According to the National Institute on Drug Abuse,128 people overdose on opioids including heroin every day in the United States. For many, prescription opioids to treat chronic pain or serious injury are the gateway to this dangerous addiction.
Heroin is both physically and psychologically addictive. This means that a person seeking sobriety can expect to experience physical withdrawal such as headaches and nausea, as well as psychological distress. The best heroin treatment options address both groups of symptoms.
Inpatient Heroin Treatment
Inpatient heroin treatment offers comprehensive support that includes medical care for the physical symptoms of withdrawal, psychological support, and a safe and drug-free environment. For people with the most severe addictions, as well as those with a history of relapse, inpatient care may be the most effective option.
“Medication assisted treatment that includes medications such as suboxone or methadone coupled with intensive treatment and family therapy has the lowest relapse rate for heroin addiction,” Dr. Irene Little, a family therapist specializing in addiction, tells WebMD Connect to Care. “The entire family is impacted by addiction and therefore the family needs to be offered support and tools in recovery just as much as the individual addicted to the substance.”
Outpatient Heroin Treatment
Outpatient treatment can be a good option for people who are able to maintain a safe and drug-free environment at home, especially if they have demanding careers or cannot afford inpatient care.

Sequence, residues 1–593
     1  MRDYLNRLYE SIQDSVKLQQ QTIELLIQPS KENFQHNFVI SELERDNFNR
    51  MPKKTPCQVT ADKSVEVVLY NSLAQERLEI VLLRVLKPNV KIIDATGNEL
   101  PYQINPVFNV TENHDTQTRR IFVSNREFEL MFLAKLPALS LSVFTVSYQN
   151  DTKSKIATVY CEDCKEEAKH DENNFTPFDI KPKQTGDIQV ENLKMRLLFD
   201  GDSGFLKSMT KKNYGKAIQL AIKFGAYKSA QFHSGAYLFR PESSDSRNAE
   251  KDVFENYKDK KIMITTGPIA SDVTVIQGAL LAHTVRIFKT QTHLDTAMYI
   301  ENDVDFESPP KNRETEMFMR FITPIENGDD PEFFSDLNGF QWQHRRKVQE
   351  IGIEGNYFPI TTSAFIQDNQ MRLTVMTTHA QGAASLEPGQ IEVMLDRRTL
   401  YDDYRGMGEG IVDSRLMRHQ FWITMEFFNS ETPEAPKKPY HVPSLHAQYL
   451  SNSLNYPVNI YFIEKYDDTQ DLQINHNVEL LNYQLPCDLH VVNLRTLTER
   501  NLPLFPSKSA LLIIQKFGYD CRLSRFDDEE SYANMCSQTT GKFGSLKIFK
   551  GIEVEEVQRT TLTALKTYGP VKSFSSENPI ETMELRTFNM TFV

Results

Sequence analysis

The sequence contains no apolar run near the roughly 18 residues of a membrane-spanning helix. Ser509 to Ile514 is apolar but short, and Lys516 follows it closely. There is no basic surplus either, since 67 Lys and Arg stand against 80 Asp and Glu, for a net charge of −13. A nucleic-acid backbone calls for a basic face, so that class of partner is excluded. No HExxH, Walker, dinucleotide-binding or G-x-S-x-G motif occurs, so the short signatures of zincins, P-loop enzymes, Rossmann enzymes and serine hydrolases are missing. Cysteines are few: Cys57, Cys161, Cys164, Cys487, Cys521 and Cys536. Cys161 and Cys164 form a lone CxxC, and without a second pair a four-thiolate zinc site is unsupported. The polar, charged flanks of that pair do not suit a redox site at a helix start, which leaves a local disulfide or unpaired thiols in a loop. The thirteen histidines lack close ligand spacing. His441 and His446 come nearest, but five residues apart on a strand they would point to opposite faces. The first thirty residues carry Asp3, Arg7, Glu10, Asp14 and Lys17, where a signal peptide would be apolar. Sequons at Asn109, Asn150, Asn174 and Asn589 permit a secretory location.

According to the National Institute on Drug Abuse, outpatient care options include:
- Therapy: Therapy can help you develop new skills for dealing with stress and cravings. It may also help you identify the emotions that led to your addiction. For example, some people use drugs to manage depression or trauma.
- Support groups: Support groups offer fellowship and help from other addicts. Most, such as Narcotics Anonymous, follow a step-based model that encourages you to work through the program over time.
- Medical care: In addition to medical detox support, medical care for underlying conditions may help ease recovery. People who began using heroin or other opioids to cope with chronic pain, for example, may need alternative treatment.
- Comprehensive outpatient treatment: Similar to inpatient care, comprehensive outpatient treatment offers therapy, medical support, group support and more, usually in the form of daily treatment. It’s a good option if you need significant care but cannot commit to residential treatment.
Get Help Now
Heroin addiction is treatable. You do not have to suffer alone. And while you might think you can’t be happy without heroin, that’s the addiction talking. Heroin addicts recover every day, and go on to lead healthy and meaningful lives. You can, too. WebMD Connect to Care specialists are standing by now to help.